Polyvinyl chloride, better known as PVC, is a thermoplastic that has great strength and corrosion resistance. These properties, along with its relatively low cost, have made PVC one of the most widely used construction materials in the world.
Though the material is known for being easy to handle and maintain, there are a few things you’ll want to know before diving in. Save yourself some time, money, and frustration by soaking up some quick PVC tips!
Though PVC comes in a variety of different forms, pipe is the most common. Because PVC has such great corrosion resistant properties, it’s often used for handling liquids for jobs like waste water drainage and irrigation.
PVC is generally a safe choice for water handling jobs as long as temperatures stay below 140F. For applications with a higher expected max temperature consider CPVC – which is similar to PVC but with a slightly different chemical makeup. CPVC can handle max temperatures up to 200F.
It has also become a staple for all sorts of DIY building projects. (Find some great examples here – PVC Pipe Home Accents.)
PVC pipe materials are sort of like industrial Legos. (Furniture Grade linked via Amazon Affiliate account back there.) You can make all kinds of things using the basic parts. Pieces of PVC pipe fit together with special joints called fittings. These fittings are also made of PVC and come in a variety of shapes and sizes.
PVC pipe and fitting sizes have two different components: wall thickness and Nominal Pipe Size. The wall thickness of your pipe and fittings is called the “schedule”. The two most common schedules are 40 and 80. Schedule 40 PVC is usually white in color and is used most in residential and irrigation. Schedule 80 PVC has a thicker wall, is usually dark gray in color, and is used mostly in commercial and industrial applications.
Nominal Pipe Size is a little tricky to understand. It’s best not to think of it as an exact measurement of pipe diameter, but rather as a sizing standard. For instance, a 1/2” Nominal Pipe Size (NPS) pipe has an actual outside diameter (OD) of .84” while a 10” NPS pipe has an actual OD of 10.75”. Nominal Pipe Size is notated in inches with sizes ranging from 1/2” all the way up to over 20”, and as long as you use the same pipe schedule for your whole job (as you should), all pipe and fittings of the same size will fit together just fine.
If you’re in a pinch, your local hardware store should have most of the common schedule 40 pipe and fitting parts in stock. These stores cater to do-it-yourselfers, so their prices can be a good deal higher than other sources. If you don’t need the parts immediately, or you are working on a large project, you’ll find much better pricing and selection online. Do a little comparison shopping, as prices can vary even online. Make sure you calculate the length of pipe and determine which fittings you’ll need before you order. There’s nothing worse than being halfway through a project and running out of materials.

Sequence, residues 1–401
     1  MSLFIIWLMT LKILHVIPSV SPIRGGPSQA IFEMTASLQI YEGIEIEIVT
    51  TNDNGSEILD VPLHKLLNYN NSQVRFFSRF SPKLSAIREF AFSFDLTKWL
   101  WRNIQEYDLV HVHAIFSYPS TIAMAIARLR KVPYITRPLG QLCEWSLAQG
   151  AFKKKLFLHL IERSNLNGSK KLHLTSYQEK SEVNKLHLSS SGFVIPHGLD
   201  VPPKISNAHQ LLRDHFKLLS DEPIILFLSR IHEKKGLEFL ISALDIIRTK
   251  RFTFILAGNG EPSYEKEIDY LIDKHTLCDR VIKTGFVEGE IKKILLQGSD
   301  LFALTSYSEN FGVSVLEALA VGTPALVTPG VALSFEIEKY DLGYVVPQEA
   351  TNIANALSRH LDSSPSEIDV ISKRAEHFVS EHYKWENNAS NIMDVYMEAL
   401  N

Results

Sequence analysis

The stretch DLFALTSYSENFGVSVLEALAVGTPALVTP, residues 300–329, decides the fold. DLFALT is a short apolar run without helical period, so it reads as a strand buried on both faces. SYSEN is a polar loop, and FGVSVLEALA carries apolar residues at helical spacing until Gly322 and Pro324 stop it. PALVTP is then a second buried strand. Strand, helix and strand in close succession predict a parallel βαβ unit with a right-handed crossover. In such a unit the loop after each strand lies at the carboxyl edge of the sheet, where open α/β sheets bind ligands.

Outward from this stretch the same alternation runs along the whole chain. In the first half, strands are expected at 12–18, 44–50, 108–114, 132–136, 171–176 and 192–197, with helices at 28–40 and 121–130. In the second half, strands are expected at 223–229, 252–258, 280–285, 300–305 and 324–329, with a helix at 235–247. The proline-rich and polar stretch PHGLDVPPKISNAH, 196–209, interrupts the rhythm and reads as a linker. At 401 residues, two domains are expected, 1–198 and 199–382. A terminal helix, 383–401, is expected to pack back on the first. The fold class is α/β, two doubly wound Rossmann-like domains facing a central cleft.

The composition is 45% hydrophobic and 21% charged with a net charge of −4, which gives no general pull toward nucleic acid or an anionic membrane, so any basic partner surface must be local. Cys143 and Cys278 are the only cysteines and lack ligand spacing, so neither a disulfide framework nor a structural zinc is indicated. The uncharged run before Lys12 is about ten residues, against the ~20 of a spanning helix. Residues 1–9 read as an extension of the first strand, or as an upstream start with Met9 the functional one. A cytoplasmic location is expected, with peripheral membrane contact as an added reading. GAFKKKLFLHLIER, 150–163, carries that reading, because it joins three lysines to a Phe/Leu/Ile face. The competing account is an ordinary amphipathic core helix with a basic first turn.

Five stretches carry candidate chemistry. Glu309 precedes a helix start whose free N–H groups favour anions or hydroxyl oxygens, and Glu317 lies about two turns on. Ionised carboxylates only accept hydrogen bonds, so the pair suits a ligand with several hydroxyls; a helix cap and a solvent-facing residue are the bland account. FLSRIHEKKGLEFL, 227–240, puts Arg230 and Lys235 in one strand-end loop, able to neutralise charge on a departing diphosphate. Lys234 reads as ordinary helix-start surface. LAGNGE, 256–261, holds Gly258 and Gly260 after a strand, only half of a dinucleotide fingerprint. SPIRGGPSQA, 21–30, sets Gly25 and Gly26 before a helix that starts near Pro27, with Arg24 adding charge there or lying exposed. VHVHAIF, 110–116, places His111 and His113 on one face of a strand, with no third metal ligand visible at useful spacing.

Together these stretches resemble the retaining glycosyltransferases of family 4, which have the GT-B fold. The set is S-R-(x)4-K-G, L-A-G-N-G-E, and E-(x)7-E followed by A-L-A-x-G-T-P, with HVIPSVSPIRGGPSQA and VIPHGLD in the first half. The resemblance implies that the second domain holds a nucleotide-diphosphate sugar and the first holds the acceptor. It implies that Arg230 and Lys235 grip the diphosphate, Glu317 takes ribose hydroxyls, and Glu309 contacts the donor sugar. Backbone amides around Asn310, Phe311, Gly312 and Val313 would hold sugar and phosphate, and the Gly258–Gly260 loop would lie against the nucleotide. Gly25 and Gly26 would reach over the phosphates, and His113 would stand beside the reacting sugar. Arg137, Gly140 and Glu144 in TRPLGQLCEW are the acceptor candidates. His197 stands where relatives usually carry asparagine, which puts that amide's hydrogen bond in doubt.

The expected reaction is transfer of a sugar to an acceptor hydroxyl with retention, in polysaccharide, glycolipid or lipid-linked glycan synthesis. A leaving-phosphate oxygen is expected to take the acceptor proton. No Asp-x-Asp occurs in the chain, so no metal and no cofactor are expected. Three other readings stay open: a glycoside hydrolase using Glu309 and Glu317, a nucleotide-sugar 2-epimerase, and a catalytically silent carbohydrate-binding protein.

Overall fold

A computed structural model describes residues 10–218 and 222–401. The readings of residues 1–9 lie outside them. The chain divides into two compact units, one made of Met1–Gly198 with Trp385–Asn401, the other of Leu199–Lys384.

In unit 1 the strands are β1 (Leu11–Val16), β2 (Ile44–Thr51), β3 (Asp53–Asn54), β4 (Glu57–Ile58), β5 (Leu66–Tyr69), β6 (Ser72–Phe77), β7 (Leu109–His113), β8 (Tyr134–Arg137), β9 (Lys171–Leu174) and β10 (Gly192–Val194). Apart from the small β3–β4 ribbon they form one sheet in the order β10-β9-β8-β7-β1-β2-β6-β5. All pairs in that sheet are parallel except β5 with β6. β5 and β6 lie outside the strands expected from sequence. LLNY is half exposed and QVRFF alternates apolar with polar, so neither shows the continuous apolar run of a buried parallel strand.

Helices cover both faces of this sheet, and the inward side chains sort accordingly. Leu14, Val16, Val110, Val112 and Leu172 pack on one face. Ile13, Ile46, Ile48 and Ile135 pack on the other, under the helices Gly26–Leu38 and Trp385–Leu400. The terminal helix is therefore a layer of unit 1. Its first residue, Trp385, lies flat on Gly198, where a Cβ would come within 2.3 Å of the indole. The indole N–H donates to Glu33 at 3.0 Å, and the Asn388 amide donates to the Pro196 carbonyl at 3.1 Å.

* Cutting & Gluing
PVC is super easy to use compared to most types of pipe. That being said, there are still a few tricks that will make your job a lot easier when it comes time to fit everything together.
There are three main tips I recommend PVC users keep in mind:
1) Measure Twice, Cut Once
The first one is pretty self-explanatory. Taking careful measurements before cutting will save you from making careless mistakes and wasting pipe. When it comes time to cut there are a few different tools you could use. For small projects a simple hacksaw will work. For larger projects you might want to invest in a specially designed PVC cutter tool or use an electric miter saw. Make your cuts slowly and precisely, and sand or file down any rough edges after you cut.
2) Dry Fit Your Pipe
Before you begin to glue it’s a good idea to fit all your parts together to see if they need adjustment. This is called dry fitting. Doing a dry fit can let you know which edges need a little more filing, or if your pipeline is a few inches shorter than you thought. Figuring these things out before the glue starts flowing is always best – especially since PVC cement doesn’t come un-stuck.
3) Glue When Wet
PVC parts are stuck together using specially formulated permanent cement. This cement (which can be found at the hardware store) uses chemicals that react with the PVC and actually fuse together your pipe and fittings. Because of this fusion, PVC that has been properly cemented will not come apart. For strong joints, make sure you glue as you go. The cement only works when it’s still wet. For jobs that need to be water-tight, you’ll also want to use a PVC primer before gluing. (Check out this great article from Family Handyman for more info on how to glue pipe.)
Hopefully now your project seems a little more manageable – whether it be plumbing a new irrigation system or creating a PVC guitar rack. With these tips, plus a little common sense, and a smidgen of elbow grease, you should find PVC to be a pretty fun and versatile material to work with.
Amanda Hill is the Content and Creative Manager for PVCFittingsOnline.com. She is affectionately known by her coworkers and friends as the “Queen of PVC,” due to her love and ability to make anything out of PVC – everything from a laptop stand, to a survival kit, to a trendy house accessory. To connect with Amanda or to follow her PVC creations, check her out on Twitter @AmandaBlogsPVC and on Google +.